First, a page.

substrate for planted tanks

dw1305

Expert
Joined
7 Apr 2008
Messages
10,486
Location
nr Bath
Hi all,
I'm a sand user. I just mix a small amount of clay and semi-decomposed leaf litter (about 10% by volume) in initially, so ~90% sand.
and other baked soils
I have one tank with moler clay cat litter and the granules have remained intact for ~10 years.

After I set the tanks up I don't vacuum the sand, I pretty much just let it get on with it. I very rarely break the tanks down, so over time the substrate will be more soil like.

I have <"Asellus and MTS"> in the tanks and <"I don't tend to get much build up of mulm">.

cheers Darrel
 

Tim Harrison

Super Moderator
Staff member
Joined
5 Nov 2011
Messages
7,780
Location
UK
I suppose everyone has their own experience and preferences and there are many roads to success.

Sand has pretty much zero CEC, but I've used it a couple of times and got pretty good growth with just water column dosing. Strangely enough though my stems didn't do very well. I guess over time sand will become infused with fish mulm and rotting plant material and will form a soil of sorts, but if I use sand it's usually for cometic reasons first, so any DOM in sand is not always desirable. Either way, if it eventually turns in to a substrate with similar properties to soil, why not use soil from the outset; no need to wait, and probably less mess.

I've also grown plants in AS powder and AS and haven't really noticed any difference in growth. The only advantages I can think of is that it's perhaps a little easier to plant small carpet plants with little or no roots in powder, and it provides a better sense of scale in nanos. But I tend to part bury my plants in the substrate anyway so they don't come loose. They soon grow new leaves and start to spread either way.

Like I've mentioned before, I prefer soil substrates, either Gucci or regular dirt. Plants can uptake nutrients through roots and leaves etc so it just makes good horticultural sense to feed both sites. There are other benefits as well...buffering against mistakes like missed fertz doses, and deficiencies, and perhaps greater microbial activity which may infer greater stability, and quicker.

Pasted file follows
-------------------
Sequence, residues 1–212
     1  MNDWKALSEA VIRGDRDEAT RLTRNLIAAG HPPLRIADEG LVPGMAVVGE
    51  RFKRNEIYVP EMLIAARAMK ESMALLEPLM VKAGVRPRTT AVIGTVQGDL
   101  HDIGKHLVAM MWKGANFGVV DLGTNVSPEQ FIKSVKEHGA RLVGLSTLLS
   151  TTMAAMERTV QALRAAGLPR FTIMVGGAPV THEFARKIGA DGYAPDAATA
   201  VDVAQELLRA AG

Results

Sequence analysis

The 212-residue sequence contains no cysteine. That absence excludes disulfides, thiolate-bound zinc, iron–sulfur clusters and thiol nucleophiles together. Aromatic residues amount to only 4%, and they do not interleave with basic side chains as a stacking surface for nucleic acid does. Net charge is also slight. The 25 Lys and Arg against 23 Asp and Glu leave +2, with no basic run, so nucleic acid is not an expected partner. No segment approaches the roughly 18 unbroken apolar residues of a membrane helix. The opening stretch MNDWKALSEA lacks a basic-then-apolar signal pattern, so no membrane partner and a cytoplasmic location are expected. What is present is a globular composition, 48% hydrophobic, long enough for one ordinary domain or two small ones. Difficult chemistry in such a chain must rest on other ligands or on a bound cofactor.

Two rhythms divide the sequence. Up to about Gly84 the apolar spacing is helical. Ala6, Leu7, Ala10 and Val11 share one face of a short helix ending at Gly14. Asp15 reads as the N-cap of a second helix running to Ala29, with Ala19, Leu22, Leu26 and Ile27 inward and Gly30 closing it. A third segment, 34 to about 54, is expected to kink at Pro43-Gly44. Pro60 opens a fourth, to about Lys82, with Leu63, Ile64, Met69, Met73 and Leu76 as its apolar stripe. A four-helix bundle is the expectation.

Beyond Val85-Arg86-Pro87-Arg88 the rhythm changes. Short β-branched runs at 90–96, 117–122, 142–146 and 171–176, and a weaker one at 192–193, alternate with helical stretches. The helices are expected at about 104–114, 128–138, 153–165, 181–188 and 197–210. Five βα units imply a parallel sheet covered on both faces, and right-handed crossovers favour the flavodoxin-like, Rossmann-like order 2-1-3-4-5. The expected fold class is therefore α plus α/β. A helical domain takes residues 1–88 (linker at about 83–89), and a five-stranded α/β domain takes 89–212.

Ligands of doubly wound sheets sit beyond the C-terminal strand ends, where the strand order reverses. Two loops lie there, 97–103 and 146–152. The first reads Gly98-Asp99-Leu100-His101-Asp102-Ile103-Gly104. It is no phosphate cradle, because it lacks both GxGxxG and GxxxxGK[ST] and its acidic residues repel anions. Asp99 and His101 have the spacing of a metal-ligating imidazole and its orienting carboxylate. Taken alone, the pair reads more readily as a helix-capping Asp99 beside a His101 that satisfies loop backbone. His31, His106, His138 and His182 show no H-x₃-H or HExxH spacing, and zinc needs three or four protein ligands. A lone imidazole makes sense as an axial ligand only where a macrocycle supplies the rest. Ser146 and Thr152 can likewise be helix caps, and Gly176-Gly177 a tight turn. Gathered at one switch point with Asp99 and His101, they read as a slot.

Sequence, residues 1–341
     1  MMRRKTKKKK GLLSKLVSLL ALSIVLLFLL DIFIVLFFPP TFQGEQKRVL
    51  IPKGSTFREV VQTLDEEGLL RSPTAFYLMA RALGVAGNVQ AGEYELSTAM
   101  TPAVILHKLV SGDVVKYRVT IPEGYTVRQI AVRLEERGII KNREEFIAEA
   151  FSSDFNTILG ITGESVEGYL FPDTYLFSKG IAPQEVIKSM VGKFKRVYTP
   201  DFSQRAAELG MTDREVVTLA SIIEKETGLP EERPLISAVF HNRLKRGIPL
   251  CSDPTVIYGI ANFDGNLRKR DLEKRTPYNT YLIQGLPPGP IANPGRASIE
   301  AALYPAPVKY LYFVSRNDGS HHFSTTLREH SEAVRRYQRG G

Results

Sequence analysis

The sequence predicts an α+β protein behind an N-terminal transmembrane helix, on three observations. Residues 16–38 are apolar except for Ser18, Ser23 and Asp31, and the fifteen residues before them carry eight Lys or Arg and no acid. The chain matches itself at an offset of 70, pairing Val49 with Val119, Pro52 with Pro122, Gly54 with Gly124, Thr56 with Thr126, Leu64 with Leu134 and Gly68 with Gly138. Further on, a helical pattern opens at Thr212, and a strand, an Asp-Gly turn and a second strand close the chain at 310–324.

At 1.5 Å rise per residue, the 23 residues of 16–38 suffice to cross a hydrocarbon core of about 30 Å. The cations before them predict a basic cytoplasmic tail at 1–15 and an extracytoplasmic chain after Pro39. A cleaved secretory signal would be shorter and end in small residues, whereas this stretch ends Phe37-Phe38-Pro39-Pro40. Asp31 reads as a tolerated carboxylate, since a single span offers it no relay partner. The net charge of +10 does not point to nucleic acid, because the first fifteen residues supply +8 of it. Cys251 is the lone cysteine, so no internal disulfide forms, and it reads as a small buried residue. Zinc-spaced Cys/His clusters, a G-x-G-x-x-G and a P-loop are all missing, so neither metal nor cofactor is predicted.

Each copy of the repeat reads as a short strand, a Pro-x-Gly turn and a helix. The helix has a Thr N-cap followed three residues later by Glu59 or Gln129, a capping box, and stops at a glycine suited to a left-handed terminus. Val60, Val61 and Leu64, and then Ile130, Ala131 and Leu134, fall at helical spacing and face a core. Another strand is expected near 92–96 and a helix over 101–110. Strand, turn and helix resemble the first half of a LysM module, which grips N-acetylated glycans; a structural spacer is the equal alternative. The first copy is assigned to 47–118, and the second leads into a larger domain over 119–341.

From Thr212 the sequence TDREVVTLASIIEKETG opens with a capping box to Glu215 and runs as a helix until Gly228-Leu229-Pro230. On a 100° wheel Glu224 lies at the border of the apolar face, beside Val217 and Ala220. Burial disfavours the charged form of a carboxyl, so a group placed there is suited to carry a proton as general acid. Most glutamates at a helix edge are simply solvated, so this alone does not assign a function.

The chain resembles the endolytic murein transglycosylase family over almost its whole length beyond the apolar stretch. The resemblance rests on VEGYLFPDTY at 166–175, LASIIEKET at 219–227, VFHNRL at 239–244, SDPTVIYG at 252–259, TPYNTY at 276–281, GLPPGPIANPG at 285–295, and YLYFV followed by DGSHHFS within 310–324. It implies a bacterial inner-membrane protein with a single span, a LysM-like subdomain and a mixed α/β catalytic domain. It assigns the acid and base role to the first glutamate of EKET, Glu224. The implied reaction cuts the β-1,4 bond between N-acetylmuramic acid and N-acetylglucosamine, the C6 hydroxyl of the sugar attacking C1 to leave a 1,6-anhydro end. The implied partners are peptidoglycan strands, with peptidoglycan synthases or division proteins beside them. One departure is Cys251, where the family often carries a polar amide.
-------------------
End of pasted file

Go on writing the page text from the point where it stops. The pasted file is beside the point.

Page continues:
I also like the pH and KH buffering capacity of AS as well since I've always lived in hard water high pH areas. Over all I think soil allows for more wriggle room, which is always helpful especially when you're just starting out.

Plain old sand capped dirt works just as well as AS and doesn't need to be messy either if a soil retainer is used. However, Gucci substrate is very convenient and easy to use, especially if you're a professional conducting a workshop. But don't forget professional aquascapers are also selling product, so of course they are going to use whichever Gucci product the sponsor or shop require them to.

But back to the original questions...
1) Can anyone advise on a good substrate for a small 25L Thailand style betta planted tank?
Personally, I'd use ADA AS or Tropica AS. Normal or powder will work well, but if you want to maintain a sense of scale use powder; smaller grain size.
2) For a bigger tank I would like to have with sand, does anyone know if there is a good substrate that is suitable for going underneath with sand on top that won't rise to the top?
Yes a 1:1 mix of aquatic compost and peat, or Tropica Plant Growth Substrate. Compost/peat is cheaper and pretty much the same thing.
3) Is there any substrate for plants that would be suitable to use in a BiOrb on top of their ceramic biological media? Something that won't scratch acrylic, will let plants take root, won't clog up the filter and biological media. Don't hate me :) Tall order I know.